I met the head chief of the Kaningara region (apparently also the head of tourism in Wewak region and the chief of this particular village as well as the head chief of the village heads)  told me it cost an average of 500 – 2000 kina per initiation depending on how long each boy stays in the spirit house. His son currently in the Tambaran receiving his rite of passage and have been in spirit house for coming to 3 months. costing him quite a bit of cash.

Not surprising, if you want to photograph a scarred man or woman, you would be asked the standard rate of 5 kina dollars all along Blackwater river.  It is their only source of income to profit from their initiation rituals as there are few opportunities to make money in the Sepik besides selling their traditional wood craving artifacts. There was an entry charge to the spirit house of 5 kina, a further 15 kina to visit the initiated boys and a 5kina charge (bargained down from 10 kina) to visit the females initiates.

You may wonder if the future initiates would increase their prices when more tourists visits this region, thus further diluting it’s already eroding spiritual sacred ritual. I would think the tourists from Europe who came in the 1970s -1980s have already eroded many of their culture, but hope that the present tourists dollar would help preserve this disappearing ritual.

Unique to Blackwater, women are allowed the scarifications in their own makeshift  ‘spirit house’ when they reach puberty. They are not allowed into the male spirit houses as such created their ceremonial practise. The females receive training in domestic duties involving household activities of clay making, weaving, and more importantly how to control pregnancy . Many females often do this ritual at a much older age due mainly to economic reasons.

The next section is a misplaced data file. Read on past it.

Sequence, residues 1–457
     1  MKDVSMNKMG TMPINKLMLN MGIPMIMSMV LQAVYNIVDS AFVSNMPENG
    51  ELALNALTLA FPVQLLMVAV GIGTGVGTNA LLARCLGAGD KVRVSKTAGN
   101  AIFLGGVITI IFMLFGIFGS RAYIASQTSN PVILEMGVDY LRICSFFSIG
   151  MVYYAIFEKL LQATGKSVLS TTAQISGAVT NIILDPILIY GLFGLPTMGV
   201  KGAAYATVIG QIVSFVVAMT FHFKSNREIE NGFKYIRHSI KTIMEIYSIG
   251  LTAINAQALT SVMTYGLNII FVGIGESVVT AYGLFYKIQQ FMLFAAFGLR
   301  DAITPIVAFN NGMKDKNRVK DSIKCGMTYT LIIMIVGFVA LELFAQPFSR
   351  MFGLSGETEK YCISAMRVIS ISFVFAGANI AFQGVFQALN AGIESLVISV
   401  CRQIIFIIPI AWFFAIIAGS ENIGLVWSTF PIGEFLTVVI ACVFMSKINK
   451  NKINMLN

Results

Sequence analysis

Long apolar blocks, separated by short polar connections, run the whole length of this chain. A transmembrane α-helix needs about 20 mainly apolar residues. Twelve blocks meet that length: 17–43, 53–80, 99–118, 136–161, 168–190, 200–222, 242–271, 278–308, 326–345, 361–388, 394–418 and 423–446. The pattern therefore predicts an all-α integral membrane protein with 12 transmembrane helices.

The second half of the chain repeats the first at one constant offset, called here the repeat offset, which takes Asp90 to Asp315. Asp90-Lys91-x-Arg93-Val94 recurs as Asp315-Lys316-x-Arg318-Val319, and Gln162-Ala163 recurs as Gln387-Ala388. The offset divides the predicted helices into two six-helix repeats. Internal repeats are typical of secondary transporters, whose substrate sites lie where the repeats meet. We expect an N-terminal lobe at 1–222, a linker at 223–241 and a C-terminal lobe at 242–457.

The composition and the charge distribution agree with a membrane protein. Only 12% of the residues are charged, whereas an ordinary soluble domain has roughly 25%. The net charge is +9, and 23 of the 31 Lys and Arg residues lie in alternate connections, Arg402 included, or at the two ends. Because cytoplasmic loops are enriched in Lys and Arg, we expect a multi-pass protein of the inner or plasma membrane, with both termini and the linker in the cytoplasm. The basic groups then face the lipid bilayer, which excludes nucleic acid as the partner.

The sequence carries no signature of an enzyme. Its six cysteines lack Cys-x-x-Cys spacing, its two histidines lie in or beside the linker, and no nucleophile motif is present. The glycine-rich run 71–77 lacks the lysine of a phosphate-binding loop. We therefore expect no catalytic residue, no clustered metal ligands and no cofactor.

In the female ‘spirit house’ a make shift house belong to one of the womenfolk in the village. A total of only 4 females were going through the skin cutting ritual. Newly cut bodies only 4 days ago.


12 responses to “Deep Skin Cutting rituals of Blackwater Sepik River

  1. Pingback: Bizarní rituály světa: sebe-mumifikace, jedovatý hmyz, krokodýlí kůže » Ewn.Cz

  2. Pingback: 10 freakish rituals from around the world | ReadZine

  3. I cannot believe this is seen as ‘a highlight’ I’m sorry but when did mutilation become entertainment? Would you call watching a circumcision a highlight?

  4. I love it. Is there anyway an outsider could go on this magnificent journey?

  5. Beautiful, love it so much!

  6. Just been to one of them in August this year in both places. Yamok and Tunguimbet in the blackwater lakes. See my facebook mateos alois, Tunguimbet blacwater lakes is more community friendly you can witness young girls being initiated too.Yamok is very serious staff for men only.


  8. I do not like! I watched 3 hours reportage about those men and I was shock… Sorry, it is primitive … And need to be forbidden…. It is like to trimmed a woman….

  9. Beutifull Beautifull. I have great respect for the men who have gone throught this ceramony. I hope that they keep up with this initiaton by having their children initiated to. This is their true cultyre and we can’t have it dissapear.